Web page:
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Cox v. Duke Energy Inc.

United States District Court, D. South Carolina, Florence Division

January 31, 2017

William B. Cox, Personal Representative for the Estate of Robin C. Fleming, Plaintiff,
v.
Duke Energy, Inc., Darlington County Sheriff's Office, Darlington County Sherriff J.W. Byrd, Gary Streett, Joyce C. Everett, and William “Randy” Gideon, Defendants.

          ORDER AND OPINION

          Bruce Howe Hendricks United States District Judge.

         This matter is before the Court upon Bill of Costs motions filed by Defendants Duke Energy Inc. (“Duke Energy”) (ECF No. 172), and J.W. Byrd, Joyce C. Everett, and Gary Streett (“Sheriff Defendants”). (ECF No. 173.) The Court entered summary judgment in favor of Defendants on March 31, 2016. (ECF No. 170.) Duke Energy and the Sheriff Defendants timely submitted their Bill of Costs in the amount of $7, 613.38 and $3, 272.20, respectively. (ECF Nos. 172; 173.) Plaintiff filed objections to the Bill of Costs on April 22, 2016, [1] (ECF No. 174), to which Duke Energy responded, (ECF No. 176). For the reasons set forth below, the Court grants Defendants' request for costs with exception.

         LEGAL STANDARD

         According to the Federal Rules of Civil Procedure, “costs-other than attorney's fees-should be allowed to the prevailing party.” Fed.R.Civ.P. 54(d)(1). As such, there is a presumption in favor of awarding costs to a prevailing party. See Teague v. Bakker, 35 F.3d 978, 996 (4th Cir. 1994); see also Cherry v. Champion Int'l Corp., 186 F.3d 442, 446 (4th Cir. 1999). Accordingly, it is incumbent upon the unsuccessful party to show circumstances sufficient to overcome the presumption favoring an award of costs to the prevailing party. Id. (citing Teague, 35 F.3d at 996).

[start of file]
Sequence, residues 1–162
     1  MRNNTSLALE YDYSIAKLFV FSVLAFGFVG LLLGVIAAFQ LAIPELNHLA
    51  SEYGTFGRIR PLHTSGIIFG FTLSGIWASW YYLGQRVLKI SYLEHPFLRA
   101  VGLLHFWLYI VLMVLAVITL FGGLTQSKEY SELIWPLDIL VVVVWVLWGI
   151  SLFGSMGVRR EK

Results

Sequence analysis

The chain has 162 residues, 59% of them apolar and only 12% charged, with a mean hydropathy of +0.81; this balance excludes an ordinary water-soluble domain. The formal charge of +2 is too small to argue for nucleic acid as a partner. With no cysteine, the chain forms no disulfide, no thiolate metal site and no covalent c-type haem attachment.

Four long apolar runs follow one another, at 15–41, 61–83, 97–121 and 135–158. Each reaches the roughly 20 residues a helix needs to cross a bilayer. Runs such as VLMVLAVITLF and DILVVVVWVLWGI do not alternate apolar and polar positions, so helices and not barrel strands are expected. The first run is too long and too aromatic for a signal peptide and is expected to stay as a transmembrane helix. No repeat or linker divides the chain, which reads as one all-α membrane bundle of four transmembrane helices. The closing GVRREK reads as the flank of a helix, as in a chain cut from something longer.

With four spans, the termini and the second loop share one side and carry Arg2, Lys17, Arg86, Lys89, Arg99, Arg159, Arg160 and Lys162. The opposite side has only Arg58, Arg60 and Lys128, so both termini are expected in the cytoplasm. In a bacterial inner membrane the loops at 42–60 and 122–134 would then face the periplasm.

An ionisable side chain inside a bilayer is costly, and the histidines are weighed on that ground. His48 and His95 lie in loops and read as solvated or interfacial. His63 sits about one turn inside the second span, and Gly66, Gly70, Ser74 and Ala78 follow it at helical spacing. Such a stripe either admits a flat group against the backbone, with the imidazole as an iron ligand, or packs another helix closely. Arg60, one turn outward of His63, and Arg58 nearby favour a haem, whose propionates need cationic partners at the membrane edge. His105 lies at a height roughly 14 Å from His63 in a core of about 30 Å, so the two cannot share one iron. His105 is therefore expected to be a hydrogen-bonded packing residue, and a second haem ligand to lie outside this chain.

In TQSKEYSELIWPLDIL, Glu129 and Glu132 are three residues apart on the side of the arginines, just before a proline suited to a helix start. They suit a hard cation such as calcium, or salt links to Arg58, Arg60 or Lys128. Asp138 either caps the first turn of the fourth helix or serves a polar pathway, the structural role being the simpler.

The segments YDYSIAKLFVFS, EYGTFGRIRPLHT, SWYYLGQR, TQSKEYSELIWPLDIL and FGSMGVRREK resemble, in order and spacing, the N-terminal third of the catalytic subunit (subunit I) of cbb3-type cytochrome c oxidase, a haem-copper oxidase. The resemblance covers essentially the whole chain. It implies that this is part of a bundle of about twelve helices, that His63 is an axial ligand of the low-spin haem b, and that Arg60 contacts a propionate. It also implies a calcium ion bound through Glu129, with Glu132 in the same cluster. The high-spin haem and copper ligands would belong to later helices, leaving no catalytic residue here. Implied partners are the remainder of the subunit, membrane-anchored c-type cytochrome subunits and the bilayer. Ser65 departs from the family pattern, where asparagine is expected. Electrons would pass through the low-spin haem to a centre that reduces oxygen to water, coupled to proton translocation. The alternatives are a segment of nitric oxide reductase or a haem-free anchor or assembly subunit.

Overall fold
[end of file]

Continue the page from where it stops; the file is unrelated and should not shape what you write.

To overcome the presumption favoring the prevailing party and to deny that party costs, the court must articulate some “good reason” for doing so. Teague, 35 F.3d at 996; see also Oak Hall Cap & Gown Co. v. Old Dominion Freight Line, Inc., 899 F.2d 291, 296 (4th Cir. 1990). Among the factors that justify denying an award of costs are: (1) misconduct by the prevailing party; (2) the unsuccessful party's inability to pay the costs; (3) the excessiveness of the costs in a particular case; (4) the limited value of the prevailing party's victory; or (5) the closeness and difficulty of the issues decided. Id. (citing Cherry, 186 F.3d at 446). Ultimately, the court has discretion to award or deny costs to the prevailing party. Cherry, 186 F.3d at 446.

         DISCUSSION

         In this case, there is no suggestion of misconduct by Defendants, the prevailing party, and their victory is not of limited value. Thus, the first and fourth factors favor assessing costs against Plaintiff. While the majority of costs are undisputed in amount, Plaintiff asserts that Duke Energy is unfairly asking for costs for both the video deposition and the transcribed deposition of Plaintiff's expert, David Anderson (“Anderson”). (ECF No. 174 at 3.) Plaintiff's argument places Exhibits G and K in dispute. (ECF No. 177.) On the docket, Exhibit G is labeled “Invoice for the deposition of David Anderson” and Exhibit K is labeled “Invoice for the video deposition of plaintiff's expert, David Anderson.” (ECF No. 172.) Duke Energy's itemized bill of costs lists Exhibit K as “Payment to AVN Solutions, LLC for deposition of Plaintiff's expert David Anderson.” (ECF No. 172-1.) However, the contents of Exhibit K indicate that it is actually an invoice for the video deposition of Robin Fleming, and reveal a different amount invoiced than that stated in the itemized bill of costs.[2] (ECF Nos. 172-1; 172-12.)